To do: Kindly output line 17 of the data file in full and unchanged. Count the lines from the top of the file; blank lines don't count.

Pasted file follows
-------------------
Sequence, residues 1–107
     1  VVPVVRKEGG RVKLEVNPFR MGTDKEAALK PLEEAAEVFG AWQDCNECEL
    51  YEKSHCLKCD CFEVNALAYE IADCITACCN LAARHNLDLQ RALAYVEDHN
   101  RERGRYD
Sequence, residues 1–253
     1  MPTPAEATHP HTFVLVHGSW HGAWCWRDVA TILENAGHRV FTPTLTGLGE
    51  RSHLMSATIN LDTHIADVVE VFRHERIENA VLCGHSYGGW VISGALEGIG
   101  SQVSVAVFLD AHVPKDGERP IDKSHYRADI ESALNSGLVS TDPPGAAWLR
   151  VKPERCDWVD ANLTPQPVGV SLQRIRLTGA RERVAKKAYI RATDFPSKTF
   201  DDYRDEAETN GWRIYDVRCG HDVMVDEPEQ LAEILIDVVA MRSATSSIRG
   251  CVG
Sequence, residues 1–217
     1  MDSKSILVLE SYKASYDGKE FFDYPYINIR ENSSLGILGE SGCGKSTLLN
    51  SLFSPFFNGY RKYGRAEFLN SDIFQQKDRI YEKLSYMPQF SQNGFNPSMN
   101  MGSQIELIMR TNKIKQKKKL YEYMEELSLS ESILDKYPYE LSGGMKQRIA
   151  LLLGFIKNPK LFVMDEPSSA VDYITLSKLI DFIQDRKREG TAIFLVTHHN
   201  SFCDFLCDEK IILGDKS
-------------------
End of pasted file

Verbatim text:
   201  SFCDFLCDEK IILGDKS